Phantom kangaroo

From Wikipedia, the free encyclopedia
Jump to: navigation, search

Periodically, reports of kangaroos, wallabies, or their accompanying footprints have been made in places where one would not expect them—specifically, areas where there is no native population.[1] Some explanations put forth are escaped zoo or circus animals, or publicity stunts by local businesses using photographs from Australia. Others suggest outbreaks of such sightings are a form of mass hysteria.


It is sometimes said there is a population of kangaroos living in the wild in the township of [[]], about 50 km south-west of Paris.[2] In fact, they are wallabies.[3] These wallabies are descended from a breeding population which escaped during a botched burglary attempt at an animal park in the 1970s.


There is a documented population of kangaroos about 50 km Southwest of Kraków, near the Slovakian border. The colony originated from a pair of kangaroos that escaped from a local zoo and found refuge in the border area where ongoing Polish-Slovak territorial disputes have created a wide swath of demilitarized wilderness. The colony now numbers between 50 and 85 kangaroos.[4]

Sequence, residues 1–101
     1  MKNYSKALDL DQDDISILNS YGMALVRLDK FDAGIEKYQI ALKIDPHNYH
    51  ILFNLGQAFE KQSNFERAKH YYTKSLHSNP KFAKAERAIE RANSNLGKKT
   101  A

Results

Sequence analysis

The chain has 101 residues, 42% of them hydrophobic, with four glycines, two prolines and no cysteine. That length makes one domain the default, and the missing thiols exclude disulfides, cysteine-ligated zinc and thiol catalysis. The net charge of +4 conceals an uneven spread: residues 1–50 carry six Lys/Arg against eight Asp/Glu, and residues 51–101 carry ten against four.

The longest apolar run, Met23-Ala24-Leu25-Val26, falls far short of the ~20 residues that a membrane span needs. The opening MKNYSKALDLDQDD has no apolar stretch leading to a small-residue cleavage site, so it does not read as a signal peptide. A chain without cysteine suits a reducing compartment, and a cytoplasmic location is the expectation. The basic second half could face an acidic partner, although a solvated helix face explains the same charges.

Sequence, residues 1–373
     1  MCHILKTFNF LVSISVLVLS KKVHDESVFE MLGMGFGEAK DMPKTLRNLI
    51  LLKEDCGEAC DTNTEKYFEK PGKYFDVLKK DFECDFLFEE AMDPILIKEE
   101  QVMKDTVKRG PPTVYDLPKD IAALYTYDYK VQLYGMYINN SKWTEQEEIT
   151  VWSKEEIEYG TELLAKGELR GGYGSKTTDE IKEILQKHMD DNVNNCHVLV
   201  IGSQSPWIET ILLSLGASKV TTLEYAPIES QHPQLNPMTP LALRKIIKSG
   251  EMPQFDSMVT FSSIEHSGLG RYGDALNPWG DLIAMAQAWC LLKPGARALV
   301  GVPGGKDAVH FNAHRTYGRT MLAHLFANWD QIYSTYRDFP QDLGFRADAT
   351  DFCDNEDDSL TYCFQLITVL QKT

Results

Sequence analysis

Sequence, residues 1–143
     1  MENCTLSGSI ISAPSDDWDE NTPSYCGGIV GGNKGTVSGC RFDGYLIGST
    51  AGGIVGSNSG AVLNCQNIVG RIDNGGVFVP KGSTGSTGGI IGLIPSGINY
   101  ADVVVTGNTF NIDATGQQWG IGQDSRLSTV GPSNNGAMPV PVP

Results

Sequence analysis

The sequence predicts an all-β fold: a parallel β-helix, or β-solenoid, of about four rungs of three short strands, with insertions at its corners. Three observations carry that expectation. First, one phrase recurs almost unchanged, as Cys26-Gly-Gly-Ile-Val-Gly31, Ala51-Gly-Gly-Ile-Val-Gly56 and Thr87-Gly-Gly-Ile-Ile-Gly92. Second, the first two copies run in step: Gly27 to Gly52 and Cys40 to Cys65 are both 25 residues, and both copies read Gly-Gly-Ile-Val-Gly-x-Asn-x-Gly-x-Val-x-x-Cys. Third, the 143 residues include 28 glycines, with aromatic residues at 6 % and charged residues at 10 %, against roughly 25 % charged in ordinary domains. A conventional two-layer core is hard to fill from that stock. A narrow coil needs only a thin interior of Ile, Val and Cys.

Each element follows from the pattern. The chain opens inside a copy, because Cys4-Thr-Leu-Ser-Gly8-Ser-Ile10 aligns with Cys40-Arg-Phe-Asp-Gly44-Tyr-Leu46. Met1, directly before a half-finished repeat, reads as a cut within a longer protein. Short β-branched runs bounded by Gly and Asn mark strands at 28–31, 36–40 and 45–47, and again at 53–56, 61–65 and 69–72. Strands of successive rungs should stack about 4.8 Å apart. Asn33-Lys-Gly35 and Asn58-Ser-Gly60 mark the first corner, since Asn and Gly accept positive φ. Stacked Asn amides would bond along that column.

In the years before World War I, there was a colony of wallabies in Prussia, raised by a hunter living there. When he died, shortly before WWI, they became easy prey to local deer hunters.


Between 2003 and 2010, there was a series of phantom kangaroo sightings in the Mayama mountain district of Ōsaki, Miyagi city in Miyagi Prefecture[5]

New Zealand[edit]

In 1831 two men off the Sydney Packet reported to the Collector of Customers in Australia that they had seen a giant kangaroo (nine meters in standing) at a small cove in Dusky Sound. They observed it on the bushline from a small boat and when they came too close it leapt into the water and ploughed through the water, leaving a wake extending from end of the sound to the other.[6]

Kawau Island in the Hauraki Gulf has a colony of three species of wallabies descending from a deliberate introduction by Sir George Grey, a nineteenth century Governor.[7]

United Kingdom[edit]